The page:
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n/a29

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About n/a29

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    Entrepreneur - Right now Appraisals and Home Inspections(Way Secondary To Appraisals)
  1. I won't do pools and I disclose them in my contract, because I don't have a clue on how to inspect them properly and I feel that trying would be a disservice to my clients. I would love to learn about them so I can provide pool inspections with my services. However, I suspect it would take quite a while for me to get to that point of knowledge. I will keep reading your posts, Norm.
  2. Mike, does this squabble look familiar? Looks like one of my topics I wished I had backed out of long before it got ugly. Advice: State your opinion respectfully. Dodge the bullets on your way out if it starts getting ugly. Never look back. A smoking gun doesn't always "win" the battle. Sip on a good homebrew and relax. It's all good... :~)
  3. In just the little bit of inspection experience I have had, I have seen leaks like this seal themselves just as Chad mentions. You crud over a leak enough and it will hold like chewing gum. If it isn't a high pressure leak, which obviously it is not, then the corrosion often times will hide the signs of the original leaking. Good call Chad!
  4. Yeah, it looks like it is leaking or there is a leak elsewhere that is dripping on this part that is corroding because of it. I know that sounds too simple, but it is the only logical reason I can think of without seeing more.
  5. I concur with Chad. Looks fine to me.
  6. Download Attachment: SV4000902.JPG 511.62 KB Download Attachment: SV4000912.JPG 637.46 KB Had my first encounter with the FPE panel that I had never heard about until this topic on TIJ. In additon to the inherent problems of the box type itself, I found a double tap on fuse #8, neutrals and grounds on same bus bar, debris in the bottom of the box, bare wires close to the casing, etc. etc. etc. Coming from the subpanel, there was a 240 volt wire going to the AC unit that had been spliced by twisting the wire together and wrapped with electrical tape. It should be no surprise
  7. Making an attic "livable space" is a very bad idea, regardless of how you vent the exhaust vents. That attic needs to be highly vented for many reasons.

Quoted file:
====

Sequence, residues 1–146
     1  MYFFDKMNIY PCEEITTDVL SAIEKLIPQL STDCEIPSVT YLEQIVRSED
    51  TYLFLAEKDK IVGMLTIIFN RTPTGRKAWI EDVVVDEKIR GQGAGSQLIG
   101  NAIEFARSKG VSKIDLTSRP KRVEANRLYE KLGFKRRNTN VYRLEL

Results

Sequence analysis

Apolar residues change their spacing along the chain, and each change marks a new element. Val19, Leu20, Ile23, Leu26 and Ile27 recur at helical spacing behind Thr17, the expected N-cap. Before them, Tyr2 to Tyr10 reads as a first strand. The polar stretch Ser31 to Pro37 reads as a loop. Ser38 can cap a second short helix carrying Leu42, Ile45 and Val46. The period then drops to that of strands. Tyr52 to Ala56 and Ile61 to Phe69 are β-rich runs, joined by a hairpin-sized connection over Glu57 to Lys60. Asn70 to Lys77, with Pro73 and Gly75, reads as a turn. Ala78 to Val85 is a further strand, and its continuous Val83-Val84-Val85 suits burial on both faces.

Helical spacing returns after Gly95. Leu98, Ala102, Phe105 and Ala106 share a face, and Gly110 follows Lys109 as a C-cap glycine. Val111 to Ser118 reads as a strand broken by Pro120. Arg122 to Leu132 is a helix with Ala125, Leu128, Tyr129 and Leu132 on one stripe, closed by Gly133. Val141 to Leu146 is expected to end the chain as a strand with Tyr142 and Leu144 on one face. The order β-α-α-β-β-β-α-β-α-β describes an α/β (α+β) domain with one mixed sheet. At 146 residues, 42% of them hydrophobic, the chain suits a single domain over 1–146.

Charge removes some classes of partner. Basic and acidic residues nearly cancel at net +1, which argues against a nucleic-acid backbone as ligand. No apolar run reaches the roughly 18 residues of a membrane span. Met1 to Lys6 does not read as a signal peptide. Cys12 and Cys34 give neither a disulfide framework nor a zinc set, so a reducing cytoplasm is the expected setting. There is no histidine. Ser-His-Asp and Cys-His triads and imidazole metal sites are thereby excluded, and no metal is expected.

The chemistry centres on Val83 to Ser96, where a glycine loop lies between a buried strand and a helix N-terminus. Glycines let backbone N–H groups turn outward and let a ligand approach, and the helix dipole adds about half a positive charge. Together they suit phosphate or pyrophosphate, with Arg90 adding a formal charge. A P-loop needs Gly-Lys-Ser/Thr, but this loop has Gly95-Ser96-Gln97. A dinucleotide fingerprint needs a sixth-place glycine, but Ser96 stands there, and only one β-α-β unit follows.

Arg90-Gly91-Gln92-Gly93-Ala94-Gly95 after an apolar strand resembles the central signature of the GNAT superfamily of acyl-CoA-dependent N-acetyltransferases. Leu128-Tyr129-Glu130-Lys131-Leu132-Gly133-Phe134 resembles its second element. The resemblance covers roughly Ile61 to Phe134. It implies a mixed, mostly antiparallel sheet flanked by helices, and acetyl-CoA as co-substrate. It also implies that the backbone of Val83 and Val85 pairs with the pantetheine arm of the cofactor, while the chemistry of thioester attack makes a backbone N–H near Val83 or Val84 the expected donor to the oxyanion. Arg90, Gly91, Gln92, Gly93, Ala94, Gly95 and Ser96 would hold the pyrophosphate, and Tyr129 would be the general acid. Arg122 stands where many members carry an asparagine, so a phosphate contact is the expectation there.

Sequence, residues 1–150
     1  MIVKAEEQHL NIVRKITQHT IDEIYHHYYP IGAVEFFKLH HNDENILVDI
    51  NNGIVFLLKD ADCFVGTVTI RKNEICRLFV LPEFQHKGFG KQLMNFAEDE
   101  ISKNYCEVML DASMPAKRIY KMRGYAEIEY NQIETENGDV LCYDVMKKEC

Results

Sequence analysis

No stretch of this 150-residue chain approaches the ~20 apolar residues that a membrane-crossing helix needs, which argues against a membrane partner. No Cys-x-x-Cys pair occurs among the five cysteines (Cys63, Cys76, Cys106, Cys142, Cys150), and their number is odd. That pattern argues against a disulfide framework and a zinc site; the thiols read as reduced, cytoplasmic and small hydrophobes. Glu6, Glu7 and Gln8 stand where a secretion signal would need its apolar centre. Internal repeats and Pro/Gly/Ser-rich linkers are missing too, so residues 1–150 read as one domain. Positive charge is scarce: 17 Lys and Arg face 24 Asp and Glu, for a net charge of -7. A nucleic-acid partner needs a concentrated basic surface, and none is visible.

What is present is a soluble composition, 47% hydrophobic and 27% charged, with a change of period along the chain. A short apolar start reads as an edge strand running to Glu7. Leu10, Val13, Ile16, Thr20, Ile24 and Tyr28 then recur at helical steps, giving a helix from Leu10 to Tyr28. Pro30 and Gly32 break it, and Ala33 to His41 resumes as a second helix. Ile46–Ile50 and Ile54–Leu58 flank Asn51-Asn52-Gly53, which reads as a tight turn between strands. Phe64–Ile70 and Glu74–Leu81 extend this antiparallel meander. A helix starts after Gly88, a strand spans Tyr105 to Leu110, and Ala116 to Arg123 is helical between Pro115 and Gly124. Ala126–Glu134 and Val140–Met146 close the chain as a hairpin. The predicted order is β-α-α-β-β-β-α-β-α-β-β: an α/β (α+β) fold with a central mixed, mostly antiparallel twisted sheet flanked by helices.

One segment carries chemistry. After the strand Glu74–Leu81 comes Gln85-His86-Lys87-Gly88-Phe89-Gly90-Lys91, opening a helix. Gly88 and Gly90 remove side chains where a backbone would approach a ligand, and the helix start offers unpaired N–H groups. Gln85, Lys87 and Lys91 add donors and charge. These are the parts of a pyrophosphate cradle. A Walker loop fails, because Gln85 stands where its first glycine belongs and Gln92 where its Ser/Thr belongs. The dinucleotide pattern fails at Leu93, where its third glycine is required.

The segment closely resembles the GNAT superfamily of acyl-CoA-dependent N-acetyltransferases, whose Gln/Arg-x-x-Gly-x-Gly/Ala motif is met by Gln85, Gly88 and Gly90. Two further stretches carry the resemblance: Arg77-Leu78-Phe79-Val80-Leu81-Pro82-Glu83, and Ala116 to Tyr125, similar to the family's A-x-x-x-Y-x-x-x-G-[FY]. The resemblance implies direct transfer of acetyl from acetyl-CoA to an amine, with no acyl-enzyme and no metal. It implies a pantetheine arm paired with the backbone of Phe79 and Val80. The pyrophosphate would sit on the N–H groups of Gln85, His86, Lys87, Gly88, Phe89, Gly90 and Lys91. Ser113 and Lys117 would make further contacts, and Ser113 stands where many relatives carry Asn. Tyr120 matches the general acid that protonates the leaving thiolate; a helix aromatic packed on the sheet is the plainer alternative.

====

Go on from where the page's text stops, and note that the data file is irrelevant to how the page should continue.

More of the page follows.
8. Well, that's very safe, in addition to being exceptionally self-serving. Having suffered through 120 hours of fire science class in the mid 80's, we proved it wrong on a daily basis. Unfortuneately, I don't have the paperwork available; I threw it all in a dumpster about 15 years ago. That's OK; those inclined to frenzy are usually dis-inclined to believe research that doesn't reinforce preconceived notions. Overheating wires, creating fires, or otherwise causing unsafe conditions was the sole intent of our lab sessions; no one was ever able to start an electrical fire, and voltage dro
  9. Download Attachment: Soffit_Vented_Fan.bmp 922.14 KB Builders in my area used to do this and also vent the exhaust fans into the open attic space. Since I became the municipal code inspector, this is no longer being done. WHK...just save yourself the grief and vent to the true outside as the code states.
  10. Dan, I agree that those HI's out there like yourself should not be "compared" to green HI's like myself. I think the idea of testing and licensing is due to so many new HI's coming into the industry. How else can an HI's knowledge, experience, and credibility be evaluated in order to apply some regulation to the industry. I can see your point how it might not be fair to make those of you who created the HI industry "face off", so to speak, with a newbie inspector like myself, but it is the only way to keep all inspectors on a level playing field, adhering everyone to the same standard
  11. Very interesting! I figured it would have to be something along the lines of cost or efficiency. Well, then there is the last part too. [:-timebm] Thanks Chad.
  12. Mike, I am curious to know what brand, model, etc. this unit is. You say this is only the 5th or 6th AC unit you have seen. Does it never get warm enough for an AC in Washington???
  13. I'm curious why these are still not being made. I like the idea of being able to make your own gas. Is it expensive to run one of these and make the gas compared to other energy methods maybe? Was this just used as a back up method of utility when it was being used?
  14. That is a very worthwhile thought. It is entirely correct. Thanks Kurt. Humble pie doesn't taste too bad. [:-paperbag]
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